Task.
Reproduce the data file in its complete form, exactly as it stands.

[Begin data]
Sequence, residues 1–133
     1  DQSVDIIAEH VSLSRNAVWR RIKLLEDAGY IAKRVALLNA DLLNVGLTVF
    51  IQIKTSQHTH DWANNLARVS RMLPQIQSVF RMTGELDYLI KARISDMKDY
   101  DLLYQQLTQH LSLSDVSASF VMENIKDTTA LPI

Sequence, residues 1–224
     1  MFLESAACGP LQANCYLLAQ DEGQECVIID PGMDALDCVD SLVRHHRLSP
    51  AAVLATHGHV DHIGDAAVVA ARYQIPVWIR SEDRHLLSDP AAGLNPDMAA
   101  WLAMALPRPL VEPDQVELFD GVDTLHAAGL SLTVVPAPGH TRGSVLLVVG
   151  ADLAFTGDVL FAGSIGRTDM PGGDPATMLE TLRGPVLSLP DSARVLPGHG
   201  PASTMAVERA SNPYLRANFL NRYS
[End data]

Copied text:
Sequence, residues 1–133
     1  DQSVDIIAEH VSLSRNAVWR RIKLLEDAGY IAKRVALLNA DLLNVGLTVF
    51  IQIKTSQHTH DWANNLARVS RMLPQIQSVF RMTGELDYLI KARISDMKDY
   101  DLLYQQLTQH LSLSDVSASF VMENIKDTTA LPI

Sequence, residues 1–224
     1  MFLESAACGP LQANCYLLAQ DEGQECVIID PGMDALDCVD SLVRHHRLSP
    51  AAVLATHGHV DHIGDAAVVA ARYQIPVWIR SEDRHLLSDP AAGLNPDMAA
   101  WLAMALPRPL VEPDQVELFD GVDTLHAAGL SLTVVPAPGH TRGSVLLVVG
   151  ADLAFTGDVL FAGSIGRTDM PGGDPATMLE TLRGPVLSLP DSARVLPGHG
   201  PASTMAVERA SNPYLRANFL NRYS